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Peru Wins

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Title: Peru Wins  
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Subject: Peruvian Communist Party, Cenaida Uribe, Peruvian Humanist Party, Alliance for the Future, Sí Cumple
Collection: Political Party Alliances in Peru, Socialist Parties in Peru
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Peru Wins

Peru Wins
Gana Perú
Leader Ollanta Humala
Founded 2010 (2010)
Ideology Left-wing nationalism
Democratic socialism[1]
Political position Left-wing
International affiliation Foro de São Paulo
Colors Red, white
Congress
47 / 130
Politics of Peru
Political parties
Elections

Peru Wins (Spanish: Gana Perú) is a left-wing political party in Peru formed as an alliance for the general election, 2011, dominated by the Peruvian Nationalist Party and led by presidential candidate Ollanta Humala.

Constituent Parties

In the 2006 election, the Nationalist Party could not register. That is why they formed an alliance with the moderate Union for Peru (UPP), presenting PNP-leader Humala as UPP's candidate. The alliance split a short time after the elections and the Nationalists sat on their own bench in Congress. PCP and PSR were parts of the Broad Left Front.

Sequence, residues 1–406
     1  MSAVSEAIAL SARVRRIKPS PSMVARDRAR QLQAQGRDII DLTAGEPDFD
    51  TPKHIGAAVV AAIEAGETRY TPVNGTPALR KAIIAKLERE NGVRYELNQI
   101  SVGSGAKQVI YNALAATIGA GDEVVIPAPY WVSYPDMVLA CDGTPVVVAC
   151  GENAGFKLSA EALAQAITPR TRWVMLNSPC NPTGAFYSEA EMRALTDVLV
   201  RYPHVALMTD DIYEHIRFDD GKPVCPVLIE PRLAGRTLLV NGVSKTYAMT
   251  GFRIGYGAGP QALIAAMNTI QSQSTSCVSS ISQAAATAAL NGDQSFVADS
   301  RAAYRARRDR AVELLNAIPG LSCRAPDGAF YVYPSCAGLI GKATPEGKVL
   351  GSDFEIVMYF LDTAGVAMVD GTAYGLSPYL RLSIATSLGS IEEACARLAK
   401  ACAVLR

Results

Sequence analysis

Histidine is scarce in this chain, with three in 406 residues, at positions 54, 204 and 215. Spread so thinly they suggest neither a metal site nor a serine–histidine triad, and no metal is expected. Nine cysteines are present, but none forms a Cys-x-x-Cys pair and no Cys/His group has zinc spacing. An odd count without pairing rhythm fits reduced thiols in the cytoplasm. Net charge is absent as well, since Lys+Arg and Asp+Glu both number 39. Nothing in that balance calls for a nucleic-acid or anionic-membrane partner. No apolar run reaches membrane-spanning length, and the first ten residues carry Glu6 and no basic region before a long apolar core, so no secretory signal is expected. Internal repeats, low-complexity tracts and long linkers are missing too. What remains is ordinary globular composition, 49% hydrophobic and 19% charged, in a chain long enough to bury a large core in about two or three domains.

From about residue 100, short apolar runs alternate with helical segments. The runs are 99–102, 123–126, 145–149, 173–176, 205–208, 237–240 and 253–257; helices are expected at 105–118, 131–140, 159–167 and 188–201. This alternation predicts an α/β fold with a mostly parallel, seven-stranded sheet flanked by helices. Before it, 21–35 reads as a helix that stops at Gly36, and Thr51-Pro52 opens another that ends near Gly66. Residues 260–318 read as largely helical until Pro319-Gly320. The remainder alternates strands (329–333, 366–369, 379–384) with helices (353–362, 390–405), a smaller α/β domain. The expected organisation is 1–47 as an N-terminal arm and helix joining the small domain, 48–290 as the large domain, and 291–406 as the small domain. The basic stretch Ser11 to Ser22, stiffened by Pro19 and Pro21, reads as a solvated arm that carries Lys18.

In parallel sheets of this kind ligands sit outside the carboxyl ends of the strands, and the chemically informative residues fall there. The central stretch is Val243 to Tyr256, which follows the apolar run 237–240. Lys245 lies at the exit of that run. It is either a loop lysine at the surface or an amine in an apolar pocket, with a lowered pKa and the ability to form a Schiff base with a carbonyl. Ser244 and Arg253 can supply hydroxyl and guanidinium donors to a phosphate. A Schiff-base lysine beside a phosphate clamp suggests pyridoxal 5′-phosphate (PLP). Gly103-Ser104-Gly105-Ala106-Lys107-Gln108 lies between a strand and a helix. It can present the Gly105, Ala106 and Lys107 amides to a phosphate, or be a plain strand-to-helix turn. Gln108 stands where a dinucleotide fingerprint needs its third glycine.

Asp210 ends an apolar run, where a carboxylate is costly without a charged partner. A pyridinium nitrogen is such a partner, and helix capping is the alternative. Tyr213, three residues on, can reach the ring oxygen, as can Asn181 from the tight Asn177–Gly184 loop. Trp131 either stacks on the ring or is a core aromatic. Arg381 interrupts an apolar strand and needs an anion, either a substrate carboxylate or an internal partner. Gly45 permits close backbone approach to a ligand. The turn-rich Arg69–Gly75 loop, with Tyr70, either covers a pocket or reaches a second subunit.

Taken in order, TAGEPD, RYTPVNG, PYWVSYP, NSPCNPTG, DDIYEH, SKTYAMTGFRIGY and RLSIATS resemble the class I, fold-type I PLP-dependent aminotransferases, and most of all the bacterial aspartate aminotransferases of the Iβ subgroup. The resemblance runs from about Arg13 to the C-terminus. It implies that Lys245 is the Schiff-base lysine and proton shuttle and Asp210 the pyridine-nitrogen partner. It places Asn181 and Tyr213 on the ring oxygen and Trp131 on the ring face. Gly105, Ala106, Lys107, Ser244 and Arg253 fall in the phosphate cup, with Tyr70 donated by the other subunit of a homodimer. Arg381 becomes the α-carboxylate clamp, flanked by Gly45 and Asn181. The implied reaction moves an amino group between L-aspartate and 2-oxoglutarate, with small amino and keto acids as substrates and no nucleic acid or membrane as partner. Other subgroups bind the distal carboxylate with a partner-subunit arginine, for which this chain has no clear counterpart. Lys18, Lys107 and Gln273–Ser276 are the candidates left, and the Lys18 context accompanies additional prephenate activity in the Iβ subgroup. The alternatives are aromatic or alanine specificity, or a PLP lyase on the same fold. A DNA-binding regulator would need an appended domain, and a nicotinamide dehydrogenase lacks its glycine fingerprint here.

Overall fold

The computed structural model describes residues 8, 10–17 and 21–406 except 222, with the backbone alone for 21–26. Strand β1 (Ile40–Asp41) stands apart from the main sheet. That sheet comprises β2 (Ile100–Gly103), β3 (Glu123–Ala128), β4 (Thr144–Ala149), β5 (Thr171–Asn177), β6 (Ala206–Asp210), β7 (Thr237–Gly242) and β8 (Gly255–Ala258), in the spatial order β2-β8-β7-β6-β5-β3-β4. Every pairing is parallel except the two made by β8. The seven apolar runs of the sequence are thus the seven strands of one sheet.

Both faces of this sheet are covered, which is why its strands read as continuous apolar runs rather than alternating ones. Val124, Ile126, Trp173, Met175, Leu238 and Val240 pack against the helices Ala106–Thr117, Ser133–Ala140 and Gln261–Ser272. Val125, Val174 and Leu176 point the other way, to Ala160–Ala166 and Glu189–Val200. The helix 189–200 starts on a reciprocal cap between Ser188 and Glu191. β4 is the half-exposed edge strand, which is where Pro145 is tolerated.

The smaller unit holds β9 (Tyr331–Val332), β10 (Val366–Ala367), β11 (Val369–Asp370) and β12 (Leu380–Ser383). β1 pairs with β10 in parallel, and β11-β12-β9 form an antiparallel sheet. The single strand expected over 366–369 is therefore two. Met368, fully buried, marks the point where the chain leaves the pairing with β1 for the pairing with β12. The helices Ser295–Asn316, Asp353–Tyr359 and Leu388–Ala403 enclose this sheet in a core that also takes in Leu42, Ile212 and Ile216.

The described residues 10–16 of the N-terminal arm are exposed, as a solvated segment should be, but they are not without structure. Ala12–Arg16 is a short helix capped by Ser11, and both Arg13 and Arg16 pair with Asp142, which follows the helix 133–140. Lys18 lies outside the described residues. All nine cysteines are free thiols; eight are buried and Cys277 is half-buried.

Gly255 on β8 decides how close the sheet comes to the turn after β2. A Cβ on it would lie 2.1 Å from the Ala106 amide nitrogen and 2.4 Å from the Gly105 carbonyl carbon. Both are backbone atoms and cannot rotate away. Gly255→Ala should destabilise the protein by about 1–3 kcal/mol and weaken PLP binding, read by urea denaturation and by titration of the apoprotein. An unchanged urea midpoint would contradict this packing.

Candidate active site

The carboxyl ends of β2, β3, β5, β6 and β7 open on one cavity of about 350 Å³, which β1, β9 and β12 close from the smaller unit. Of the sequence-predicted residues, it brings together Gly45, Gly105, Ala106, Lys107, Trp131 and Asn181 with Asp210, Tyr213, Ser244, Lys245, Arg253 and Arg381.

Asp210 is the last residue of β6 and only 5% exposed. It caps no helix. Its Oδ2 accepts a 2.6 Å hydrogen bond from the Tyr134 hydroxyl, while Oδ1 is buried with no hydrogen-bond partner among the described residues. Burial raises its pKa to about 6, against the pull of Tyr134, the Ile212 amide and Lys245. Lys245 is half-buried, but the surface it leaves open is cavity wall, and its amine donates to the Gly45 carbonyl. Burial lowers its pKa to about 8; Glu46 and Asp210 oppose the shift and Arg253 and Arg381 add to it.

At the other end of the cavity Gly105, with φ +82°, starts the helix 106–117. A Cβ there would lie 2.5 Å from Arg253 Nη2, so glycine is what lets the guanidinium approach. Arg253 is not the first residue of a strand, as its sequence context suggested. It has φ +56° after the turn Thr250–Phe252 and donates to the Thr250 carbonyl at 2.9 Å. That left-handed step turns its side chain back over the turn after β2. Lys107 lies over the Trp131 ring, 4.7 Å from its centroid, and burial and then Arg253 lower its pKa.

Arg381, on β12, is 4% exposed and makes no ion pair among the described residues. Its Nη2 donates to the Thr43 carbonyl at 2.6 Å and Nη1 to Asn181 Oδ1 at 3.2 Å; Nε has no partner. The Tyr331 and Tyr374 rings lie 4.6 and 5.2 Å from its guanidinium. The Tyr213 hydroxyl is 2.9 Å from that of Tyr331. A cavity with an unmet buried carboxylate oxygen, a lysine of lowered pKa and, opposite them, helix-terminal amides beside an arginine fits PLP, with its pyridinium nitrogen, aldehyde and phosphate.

In the congressional election on April 10, the alliance won 25.27% of the popular vote and 47 of 130 seats, making them the strongest force. In the elections for the five Peruvian members of the Andean Parliament, they won 27.02% and two representatives: Hilaria Supa and Alberto Adrianzén.

Presidential candidate Olanta Humala won 31.7% of the votes. As the first-placed he could qualify for the run-off election. Eventually, he won the second round against right-wing candidate Keiko Fujimori with 51.5% of the votes.

Peru Wins has formed a majority coalition in Congress with the Possible Peru Alliance, the centrist group of ex-president Alejandro Toledo.[2]

After his inauguration on 28 July 2011, Humala appointed a cabinet mainly consisting of moderate and established experts. This cleared up the fears that Peru could radically shift to the left.[3]

All 47 congressmen elected on the party's lists have joined the Nationalist Peru Wins parliamentary group.

References

  1. ^ Politics & Political History of Peru access-date=December 6, 2014
  2. ^ "Alianza Perú Posible-Gana Perú podría dar mayoría en el Congreso". LaRepublica.pe. 2011-05-28. Retrieved 2011-06-04. 
  3. ^ Moffett, Matt; Kozak, Robert (22 July 2011), "Peru Leader Taps Moderate Cabinet", The Wallstreet Journal, retrieved 4 Aug 2011 

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